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ACS Releases Statement on Medical and Surgical Tourism

ACS advises surgical patients who seek treatment overseas to actively seek out quality health care providers


CHICAGO (May 8, 2009): The number of patients seeking medical and surgical care overseas has grown in recent years, prompting the American College of Surgeons (ACS) to study the issue and to develop an official “Statement on Medical and Surgical Tourism.” The ACS statement “was developed with the patient’s interests in mind,” according to James Unti, MD, FACS, a medical associate with the ACS Nora Institute for Surgical Patient Safety. “It is important that individuals considering health care services outside the U.S. become informed of the potential risks and complications as well as the medical, social, cultural, and legal implications of receiving such care,” Dr. Unti advises.

The statement was approved by the College’s Board of Regents, its official governing body, in February 2009 and was published in the April 2009 issue of the Bulletin of the American College of Surgeons.

The College recognizes that as surgical care has become more readily available in a wider global market, some patients are choosing to pursue medical treatment abroad for a variety of reasons. Among those reasons are the real or perceived lack of services at home; limitations on access to certain specialists imposed by payor or regulatory agencies; and lower costs of care. However, seeking care abroad involves a number of risks that the ACS has carefully considered in adopting its nine-point position statement.

Key principles of the statement, developed by the ACS Committee on Perioperative Care, are consistent with the College’s longstanding advocacy position of promoting an environment of optimal care for the surgical patient.

For those who chose to seek surgical care abroad, the College:

  • encourages patients to seek care of the highest quality.
  • encourages patients seeking elective treatment abroad to select health care institutions that have met accreditation standards established by recognized accrediting organizations.
  • encourages patients to seek care from surgeons and anesthesiologists certified in their respective specialties through a process equivalent to that recognized by the American Board of Medical Specialities in the United States .

“The College is committed to help surgical patients receive the highest level of care,” explained T. Forcht Dagi, MD, FACS, Vice-Chair of the ACS Committee on Perioperative Care. “It urges patients to seek surgeons certified by the American Board of Surgery or its equivalent; to select institutions accredited by the Joint Commission or a similar, internationally recognized accrediting body; and to make specific arrangements for continuity of care and follow-up care at home,” he said.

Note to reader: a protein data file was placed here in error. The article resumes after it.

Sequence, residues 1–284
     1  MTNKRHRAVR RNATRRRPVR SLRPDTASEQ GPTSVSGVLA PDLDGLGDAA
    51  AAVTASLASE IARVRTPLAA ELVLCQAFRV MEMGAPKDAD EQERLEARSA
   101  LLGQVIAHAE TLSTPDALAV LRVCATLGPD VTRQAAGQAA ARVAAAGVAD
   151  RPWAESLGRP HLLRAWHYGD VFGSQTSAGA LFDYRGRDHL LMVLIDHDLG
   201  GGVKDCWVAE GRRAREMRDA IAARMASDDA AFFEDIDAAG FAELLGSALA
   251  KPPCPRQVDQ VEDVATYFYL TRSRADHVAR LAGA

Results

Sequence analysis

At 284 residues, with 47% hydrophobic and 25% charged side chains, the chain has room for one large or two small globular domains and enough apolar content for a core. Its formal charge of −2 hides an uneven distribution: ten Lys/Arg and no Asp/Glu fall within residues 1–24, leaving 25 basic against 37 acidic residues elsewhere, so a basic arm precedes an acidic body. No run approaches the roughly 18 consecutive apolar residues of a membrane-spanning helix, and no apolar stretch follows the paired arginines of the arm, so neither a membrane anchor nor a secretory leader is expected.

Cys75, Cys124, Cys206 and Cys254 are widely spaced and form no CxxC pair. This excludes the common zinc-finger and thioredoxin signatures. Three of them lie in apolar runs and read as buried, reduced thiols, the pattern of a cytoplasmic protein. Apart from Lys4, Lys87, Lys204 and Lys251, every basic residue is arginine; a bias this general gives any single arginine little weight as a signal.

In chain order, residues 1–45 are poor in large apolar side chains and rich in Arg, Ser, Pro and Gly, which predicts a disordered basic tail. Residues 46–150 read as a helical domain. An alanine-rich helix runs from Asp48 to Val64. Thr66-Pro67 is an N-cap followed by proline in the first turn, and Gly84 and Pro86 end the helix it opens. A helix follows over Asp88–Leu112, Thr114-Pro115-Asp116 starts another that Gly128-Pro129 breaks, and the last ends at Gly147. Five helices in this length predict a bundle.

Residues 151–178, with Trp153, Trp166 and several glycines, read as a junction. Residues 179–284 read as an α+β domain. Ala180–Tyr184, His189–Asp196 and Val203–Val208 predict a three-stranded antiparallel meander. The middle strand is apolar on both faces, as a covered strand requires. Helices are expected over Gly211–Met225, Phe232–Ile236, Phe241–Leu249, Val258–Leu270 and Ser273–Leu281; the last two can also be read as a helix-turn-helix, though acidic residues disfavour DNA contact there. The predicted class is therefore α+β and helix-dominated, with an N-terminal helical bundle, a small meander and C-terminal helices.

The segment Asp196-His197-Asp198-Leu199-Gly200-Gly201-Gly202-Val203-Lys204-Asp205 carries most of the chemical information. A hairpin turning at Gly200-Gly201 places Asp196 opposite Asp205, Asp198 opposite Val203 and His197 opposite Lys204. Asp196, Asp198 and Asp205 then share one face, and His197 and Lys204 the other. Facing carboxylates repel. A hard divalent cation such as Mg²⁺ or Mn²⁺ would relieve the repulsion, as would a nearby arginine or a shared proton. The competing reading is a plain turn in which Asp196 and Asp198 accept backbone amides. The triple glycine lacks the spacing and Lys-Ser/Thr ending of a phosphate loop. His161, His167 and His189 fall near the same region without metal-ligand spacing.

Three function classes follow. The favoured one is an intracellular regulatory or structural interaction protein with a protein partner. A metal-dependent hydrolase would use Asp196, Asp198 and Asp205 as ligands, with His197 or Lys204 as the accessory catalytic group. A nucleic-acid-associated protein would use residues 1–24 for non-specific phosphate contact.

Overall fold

The statement also provides advice on obtaining overseas medical records before patients travel home; prompts patients to consider the special risks of traveling internationally following surgical and anesthesia services; and expresses ACS’s support for payors assuming responsibility for coordination and reimbursement of any follow-up care required once patients return to the U.S. Moreover, the statement expresses the College’s opposition to mandatory referral practices outsides the U.S. “unless such provisions are clearly and explicitly stated in the insurance contract and accepted by the subscriber.”

The entire ACS position statement on medical and surgical tourism can be viewed online 

In addition, “Medical tourism: The new world of health care globalization,” by James Unti, MD, FACS, appears as the cover story in the April 2009, Bulletin of the American College of Surgeons. The full text article appears online at:

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About the American College of Surgeons
The American College of Surgeons is a scientific and educational organization of surgeons that was founded in 1913 to raise the standards of surgical practice and improve the quality of care for all surgical patients. The College is dedicated to the ethical and competent practice of surgery. Its achievements have significantly influenced the course of scientific surgery in America and have established it as an important advocate for all surgical patients. The College has more than 79,000 members and is the largest organization of surgeons in the world. For more information, visit


Sally Garneski 

Cory Suzan Petty